Community frustrations over crow dropping

Devin Martin
Created: January 13, 2021 06:20 PM

(ABC 6 News) - Thousands of people flock to the Med City for work and medical treatment. 

But there's an issue that is glaring, and now gaining attention on social media. Crow droppings. 

For people living in Rochester, they say seeing all the crow droppings is disgusting.

"This is the center of the city, I really wish that they could clean it up a little more. Sweep it up, spray the streets,” Rochester resident Taylor Suchla said.

One Mayo Clinic visitor agrees.

"It's just plain gross. I'm walking around on tip toes and side stepping stuff just to avoid it, but there's too much of it,” Leanne Lokken said.

Even though you have to be careful where you step, the city says they’re working to fix this issue.

"In the morning time if the crows do roost, obviously they leave traces behind. We've been working hard on cleaning that up. It’s also labor intensive and it can be a struggle though to clean depending on the weather,” Holly Masek, executive director for the Rochester Downtown Alliance said. “Power washing is the most effective thing to do, however we cannot power wash below 32 degrees because it freezes and creates an ice slick."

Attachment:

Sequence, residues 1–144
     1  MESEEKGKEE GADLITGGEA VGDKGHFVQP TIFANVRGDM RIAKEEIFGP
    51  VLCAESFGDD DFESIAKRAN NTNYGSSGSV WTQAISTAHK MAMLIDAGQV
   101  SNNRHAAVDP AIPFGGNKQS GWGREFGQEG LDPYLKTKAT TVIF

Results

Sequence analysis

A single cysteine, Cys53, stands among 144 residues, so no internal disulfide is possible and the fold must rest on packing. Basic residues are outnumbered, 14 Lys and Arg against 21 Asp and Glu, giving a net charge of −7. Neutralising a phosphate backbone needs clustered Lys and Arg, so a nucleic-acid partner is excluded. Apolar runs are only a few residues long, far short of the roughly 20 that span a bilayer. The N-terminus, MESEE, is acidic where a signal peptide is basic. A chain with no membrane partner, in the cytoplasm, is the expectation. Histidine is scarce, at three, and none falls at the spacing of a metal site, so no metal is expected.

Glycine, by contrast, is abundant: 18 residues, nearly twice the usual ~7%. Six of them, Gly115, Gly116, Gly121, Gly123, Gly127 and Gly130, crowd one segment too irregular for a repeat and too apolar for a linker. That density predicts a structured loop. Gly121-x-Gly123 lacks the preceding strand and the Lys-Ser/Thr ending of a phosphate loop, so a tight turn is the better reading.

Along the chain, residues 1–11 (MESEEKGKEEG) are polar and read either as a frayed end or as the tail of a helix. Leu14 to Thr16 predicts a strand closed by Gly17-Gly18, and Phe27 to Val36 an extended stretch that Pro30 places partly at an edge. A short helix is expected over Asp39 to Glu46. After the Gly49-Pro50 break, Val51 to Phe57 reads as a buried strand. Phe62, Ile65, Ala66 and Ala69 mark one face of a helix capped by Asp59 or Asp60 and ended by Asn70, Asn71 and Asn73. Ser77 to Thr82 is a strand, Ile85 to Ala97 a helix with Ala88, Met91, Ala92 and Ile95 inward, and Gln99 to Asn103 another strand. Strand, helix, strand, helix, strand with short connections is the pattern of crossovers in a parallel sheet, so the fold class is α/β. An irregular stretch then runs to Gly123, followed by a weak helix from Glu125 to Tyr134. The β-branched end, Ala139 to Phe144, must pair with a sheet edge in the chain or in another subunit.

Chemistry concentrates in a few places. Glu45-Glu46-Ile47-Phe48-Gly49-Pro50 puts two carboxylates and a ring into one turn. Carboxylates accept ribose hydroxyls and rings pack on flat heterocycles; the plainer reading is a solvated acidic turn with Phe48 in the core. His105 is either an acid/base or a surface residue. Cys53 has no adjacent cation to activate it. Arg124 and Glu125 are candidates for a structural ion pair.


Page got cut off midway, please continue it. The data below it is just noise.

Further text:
The Rochester Downtown Alliance had their clean and safe ambassador team start to power wash the sidewalks Wednesday morning.

But how did it get to this point? City officials say the weather played a role.

 "When it snows regularly, that gets removed in the morning times; you may not even see the accumulation of crow droppings overnight. So because it hasn't been snowing, it's just been building up more,” Masek said.

Another issue could be how the parks and recreations budget was cut due to COVID-19, which affected their ability to tackle the crow population.

For one Mayo Clinic visitor, he likes seeing the city clean. But this was just something else.

"I came last February and I was surprised by how meticulous everything in the town was. I was surprised with all the bird droppings everywhere,” Shereef Hidayet said.

The city needs extra equipment to help and will be receiving gas-powered sidewalk brushes from Duluth's clean and safe ambassador program.


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